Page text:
Three reporters from The New York Times survey the recent history of biological weapons and sound an alarm about the coming threat of the "poor man's hydrogen bomb." Germs begins ominously enough, recounting the chilling attack by the followers of the Bhagwan Shree Rajneesh in 1984 on the Dalles, Oregon--no one died, but nearly 1,000 were infected with a strain of salmonella that the cult had legally obtained, then cultured and distributed.

While the U.S. maintained an active "bugs and gas" program in the '50s and early '60s, bio-weapons were effectively pulled off this country's agenda in 1972 when countries around the world, led by the United States, forswore development of such weapons at the Biological and Toxin Weapons Convention. The issue reemerged in the early '90s thanks to Saddam Hussein and revelations of the clandestine and massive buildup of bio-weapons in remote corners of the Soviet Union. The book's description of the Soviet program is horrific. At its peak the program employed thousands of scientists, developing bioengineered pathogens as well as producing hundreds of tons of plague, anthrax, and smallpox annually. The authors conclude that while a biological attack against the United States is not necessarily inevitable, the danger of bio-weapons is too real to be ignored. Well-researched and documented, this book will not disappoint readers looking for a reliable and sober resource on the topic. --Harry C. Edwards

(retrieved from Amazon Mon, 30 Sep 2013 13:44:48 -0400)

(see all 4 descriptions)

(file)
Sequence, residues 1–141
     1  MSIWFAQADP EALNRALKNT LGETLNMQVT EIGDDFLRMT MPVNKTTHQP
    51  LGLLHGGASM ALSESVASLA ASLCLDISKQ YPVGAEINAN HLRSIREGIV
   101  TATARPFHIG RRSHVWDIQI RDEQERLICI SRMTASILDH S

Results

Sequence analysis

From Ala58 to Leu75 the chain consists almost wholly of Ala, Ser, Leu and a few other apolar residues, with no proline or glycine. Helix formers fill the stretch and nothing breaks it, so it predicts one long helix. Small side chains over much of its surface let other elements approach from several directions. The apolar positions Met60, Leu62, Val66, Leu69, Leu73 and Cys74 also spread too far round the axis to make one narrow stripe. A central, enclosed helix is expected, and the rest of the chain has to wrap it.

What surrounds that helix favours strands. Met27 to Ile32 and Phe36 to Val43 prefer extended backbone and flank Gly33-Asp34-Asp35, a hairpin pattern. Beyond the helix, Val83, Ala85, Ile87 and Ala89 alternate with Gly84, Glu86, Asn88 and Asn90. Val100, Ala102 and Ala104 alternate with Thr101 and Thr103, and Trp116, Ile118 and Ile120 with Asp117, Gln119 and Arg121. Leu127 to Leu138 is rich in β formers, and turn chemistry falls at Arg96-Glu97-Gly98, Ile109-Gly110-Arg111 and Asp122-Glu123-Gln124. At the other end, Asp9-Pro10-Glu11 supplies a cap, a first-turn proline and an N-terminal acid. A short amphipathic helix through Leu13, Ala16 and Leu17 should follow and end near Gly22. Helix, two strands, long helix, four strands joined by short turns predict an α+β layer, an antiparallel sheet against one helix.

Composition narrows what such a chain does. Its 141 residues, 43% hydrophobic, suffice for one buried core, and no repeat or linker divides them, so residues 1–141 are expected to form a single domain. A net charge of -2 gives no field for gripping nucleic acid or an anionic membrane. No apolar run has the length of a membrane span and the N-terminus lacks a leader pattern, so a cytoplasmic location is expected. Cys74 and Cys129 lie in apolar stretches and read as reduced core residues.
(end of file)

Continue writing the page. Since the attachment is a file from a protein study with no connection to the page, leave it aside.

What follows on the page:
"Deadly germs sprayed in shopping malls, bomblets spewing anthrax spores over battlefields, tiny vials of plague scattered in Times Square - these are the poor man's hydrogen bombs, hideous weapons of mass destruction that can be made in a simple laboratory." "In this work of investigative journalism, Judith Miller, Stephen Engelberg, and William Broad of The New York Times uncover the truth about biological weapons and show why bio-warfare and bio-terrorism are fast becoming our worst national nightmare." "Germs also shows how a small group of scientists and senior officials persuaded President Bill Clinton to launch a controversial multibillion-dollar program to detect a germ attack on U.S. soil and to aid its victims - a program that, so far, is struggling to provide real protection." "Based on hundreds of interviews with scientists and senior officials, including President Clinton, as well as on recently declassified documents and on-site reporting from the former Soviet Union's sinister bio-weapons labs, Germs shows us bio-warriors past and present at work at their trade. There is the American scientist who devoted his professional life to perfecting biological weapons, and the Nobel laureate who helped pioneer the new biology of genetically modified germs and is now trying to stop its misuse. We meet former Soviet scientists who made enough plague, smallpox, and anthrax to kill everyone on Earth and whose expertise is now in great demand by terrorists, rogue states, and legitimate research labs alike."--BOOK JACKET.… (more)